Riyadh, Asharq Al-Awsat- In the latest step in the fight against crime, Saudi Arabia has installed surveillance cameras on its roads. The new technology registers every car’s registration plate and compiles them unto a national database. Those found to belong to wanted criminals are automatically forwarded to the relevant security departments who will take the appropriate measures. This new measure also traces traffic violations such as speeding and not following traffic lights.
General Fahd al Basher, head of the Kingdom’s traffic authority told Asharq al Awsat the use of surveillance cameras to regulate the flow of traffic was made possible by a public bid for a number of companies specialized in surveillance technology. He said the cameras would mask road offenders as well as identify the vehicles of known criminals and fugitives from justice.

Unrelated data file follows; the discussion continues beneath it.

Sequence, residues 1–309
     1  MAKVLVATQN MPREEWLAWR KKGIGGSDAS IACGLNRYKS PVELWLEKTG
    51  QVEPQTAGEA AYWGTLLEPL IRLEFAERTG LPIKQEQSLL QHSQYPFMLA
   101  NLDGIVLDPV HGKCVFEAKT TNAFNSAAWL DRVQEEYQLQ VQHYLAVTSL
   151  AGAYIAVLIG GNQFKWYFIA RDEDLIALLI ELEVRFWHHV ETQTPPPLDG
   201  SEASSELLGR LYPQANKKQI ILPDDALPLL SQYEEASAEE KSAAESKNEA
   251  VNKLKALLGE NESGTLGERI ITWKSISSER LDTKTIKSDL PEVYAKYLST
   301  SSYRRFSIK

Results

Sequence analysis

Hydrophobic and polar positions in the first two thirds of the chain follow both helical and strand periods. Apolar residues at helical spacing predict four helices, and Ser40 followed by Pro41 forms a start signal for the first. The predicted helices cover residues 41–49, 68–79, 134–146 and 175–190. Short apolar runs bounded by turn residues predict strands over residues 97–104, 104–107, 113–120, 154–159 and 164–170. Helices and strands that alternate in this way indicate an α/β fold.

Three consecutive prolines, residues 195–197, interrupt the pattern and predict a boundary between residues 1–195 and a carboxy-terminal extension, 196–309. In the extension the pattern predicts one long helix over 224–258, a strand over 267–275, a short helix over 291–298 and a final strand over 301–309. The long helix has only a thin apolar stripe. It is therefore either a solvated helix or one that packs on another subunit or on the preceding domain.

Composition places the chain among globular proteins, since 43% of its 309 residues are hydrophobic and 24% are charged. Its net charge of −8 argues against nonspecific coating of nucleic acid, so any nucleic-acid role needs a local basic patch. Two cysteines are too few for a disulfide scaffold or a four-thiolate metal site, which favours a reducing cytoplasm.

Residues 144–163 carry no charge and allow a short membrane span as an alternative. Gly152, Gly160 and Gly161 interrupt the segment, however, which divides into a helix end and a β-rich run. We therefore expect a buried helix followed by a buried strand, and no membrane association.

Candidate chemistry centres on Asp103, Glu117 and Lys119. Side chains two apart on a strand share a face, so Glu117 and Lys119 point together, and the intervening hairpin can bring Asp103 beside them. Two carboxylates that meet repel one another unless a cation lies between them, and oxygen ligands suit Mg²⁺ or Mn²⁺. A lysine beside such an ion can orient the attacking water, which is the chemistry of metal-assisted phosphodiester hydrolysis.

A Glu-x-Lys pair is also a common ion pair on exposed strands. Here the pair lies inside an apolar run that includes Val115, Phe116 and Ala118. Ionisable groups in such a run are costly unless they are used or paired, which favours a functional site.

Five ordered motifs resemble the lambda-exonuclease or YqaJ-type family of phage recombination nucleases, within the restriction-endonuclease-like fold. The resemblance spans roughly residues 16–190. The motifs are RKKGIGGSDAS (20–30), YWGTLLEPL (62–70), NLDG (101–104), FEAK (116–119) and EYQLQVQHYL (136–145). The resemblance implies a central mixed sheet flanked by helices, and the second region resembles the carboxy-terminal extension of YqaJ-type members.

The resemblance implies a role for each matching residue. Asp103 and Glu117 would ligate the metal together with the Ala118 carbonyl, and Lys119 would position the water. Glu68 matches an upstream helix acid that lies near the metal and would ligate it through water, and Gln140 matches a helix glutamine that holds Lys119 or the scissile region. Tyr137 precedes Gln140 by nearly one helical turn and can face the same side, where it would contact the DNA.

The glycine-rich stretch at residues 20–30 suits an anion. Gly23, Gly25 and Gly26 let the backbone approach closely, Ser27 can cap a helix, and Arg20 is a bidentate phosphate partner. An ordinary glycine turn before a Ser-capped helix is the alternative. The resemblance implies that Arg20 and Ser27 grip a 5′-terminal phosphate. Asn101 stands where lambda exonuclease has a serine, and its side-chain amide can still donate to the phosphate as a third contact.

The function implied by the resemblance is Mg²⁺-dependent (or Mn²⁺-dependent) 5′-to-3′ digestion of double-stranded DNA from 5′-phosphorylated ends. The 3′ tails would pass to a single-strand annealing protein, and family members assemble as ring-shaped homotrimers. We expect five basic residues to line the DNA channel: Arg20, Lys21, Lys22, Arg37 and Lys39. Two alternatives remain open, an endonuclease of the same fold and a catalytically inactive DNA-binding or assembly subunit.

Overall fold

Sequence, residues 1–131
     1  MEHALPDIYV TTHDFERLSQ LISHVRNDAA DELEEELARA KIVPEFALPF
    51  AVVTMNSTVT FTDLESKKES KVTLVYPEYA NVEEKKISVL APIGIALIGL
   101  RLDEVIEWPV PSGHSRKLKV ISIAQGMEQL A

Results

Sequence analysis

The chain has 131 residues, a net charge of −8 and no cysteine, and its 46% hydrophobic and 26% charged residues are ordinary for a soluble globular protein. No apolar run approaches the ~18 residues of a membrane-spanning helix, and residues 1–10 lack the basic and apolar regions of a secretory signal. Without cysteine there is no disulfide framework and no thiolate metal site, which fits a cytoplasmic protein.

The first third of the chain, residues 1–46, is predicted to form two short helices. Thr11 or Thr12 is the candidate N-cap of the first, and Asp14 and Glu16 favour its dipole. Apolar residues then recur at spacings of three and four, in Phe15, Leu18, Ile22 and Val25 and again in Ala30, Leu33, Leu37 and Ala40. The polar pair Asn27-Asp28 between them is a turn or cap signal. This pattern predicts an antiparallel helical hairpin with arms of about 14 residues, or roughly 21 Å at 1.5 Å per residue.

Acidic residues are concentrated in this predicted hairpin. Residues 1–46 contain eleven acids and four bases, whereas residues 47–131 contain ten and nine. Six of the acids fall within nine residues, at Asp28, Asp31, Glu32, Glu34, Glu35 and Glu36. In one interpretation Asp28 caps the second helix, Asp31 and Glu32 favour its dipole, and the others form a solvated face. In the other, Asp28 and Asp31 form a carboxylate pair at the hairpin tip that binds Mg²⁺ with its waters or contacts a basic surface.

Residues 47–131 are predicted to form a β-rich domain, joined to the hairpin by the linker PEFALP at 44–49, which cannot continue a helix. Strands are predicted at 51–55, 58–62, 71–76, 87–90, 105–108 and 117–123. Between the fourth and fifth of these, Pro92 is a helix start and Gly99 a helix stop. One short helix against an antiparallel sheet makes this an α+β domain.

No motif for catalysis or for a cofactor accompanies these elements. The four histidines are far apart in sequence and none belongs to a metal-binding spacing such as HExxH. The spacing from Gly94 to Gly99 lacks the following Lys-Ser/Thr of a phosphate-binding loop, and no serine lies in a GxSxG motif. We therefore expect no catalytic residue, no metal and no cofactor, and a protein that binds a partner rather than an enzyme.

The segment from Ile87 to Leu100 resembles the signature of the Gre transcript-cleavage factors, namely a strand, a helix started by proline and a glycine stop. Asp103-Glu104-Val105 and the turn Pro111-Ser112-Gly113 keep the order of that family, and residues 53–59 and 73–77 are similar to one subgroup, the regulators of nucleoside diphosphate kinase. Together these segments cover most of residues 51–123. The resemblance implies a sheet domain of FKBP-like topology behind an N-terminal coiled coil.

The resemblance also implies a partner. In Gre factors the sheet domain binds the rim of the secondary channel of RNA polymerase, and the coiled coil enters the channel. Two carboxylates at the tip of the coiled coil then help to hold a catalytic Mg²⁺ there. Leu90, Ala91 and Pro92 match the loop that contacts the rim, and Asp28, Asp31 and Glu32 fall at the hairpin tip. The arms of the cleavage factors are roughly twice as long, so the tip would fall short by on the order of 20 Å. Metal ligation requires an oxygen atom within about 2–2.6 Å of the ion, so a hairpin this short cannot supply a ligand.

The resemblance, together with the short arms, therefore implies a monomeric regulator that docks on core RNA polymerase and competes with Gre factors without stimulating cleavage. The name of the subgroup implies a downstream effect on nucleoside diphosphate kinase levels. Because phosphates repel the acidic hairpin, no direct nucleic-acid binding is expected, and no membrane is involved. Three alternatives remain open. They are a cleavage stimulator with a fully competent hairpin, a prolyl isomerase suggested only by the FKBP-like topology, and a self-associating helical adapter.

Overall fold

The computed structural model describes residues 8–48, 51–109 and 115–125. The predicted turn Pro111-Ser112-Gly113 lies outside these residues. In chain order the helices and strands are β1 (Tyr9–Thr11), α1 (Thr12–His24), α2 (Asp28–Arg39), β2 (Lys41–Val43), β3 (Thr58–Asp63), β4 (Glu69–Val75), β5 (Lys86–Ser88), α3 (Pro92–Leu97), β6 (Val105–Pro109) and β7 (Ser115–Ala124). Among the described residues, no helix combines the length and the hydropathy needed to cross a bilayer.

Security around Saudi Arabia was currently at its highest level, the official added, in the wake of the safety campaigns in the capital, al Qassim and the Western region with more random searches taking places on the Kingdom’s roads in the near futures.
For its part, the Interior Ministry has established a new project linking private sector facilities to the national information center in order to track the movements of known criminal gangs. Companies accredited by the Ministry have created a computer program, entitled “shomos”, which provides the information center with the names and addresses of hotels as well as information on residents of rented properties and users of car rental companies.
Using this technology, Ministry officials were able to observe previously unobtainable details of the terrorist attack which took place near their offices on 29 December 2004 and monitor militants’ phone calls.
Increased surveillance capabilities assisted security forces in their fight against al Qaeda’s leader in the Kingdom, Saleh al Awfi, in Medina and the confrontation with terrorists in al Masyaf in Riyadh on 18th August 2005, including the death of one of the country’s most wanted Islamic militants, Majid al Haseri.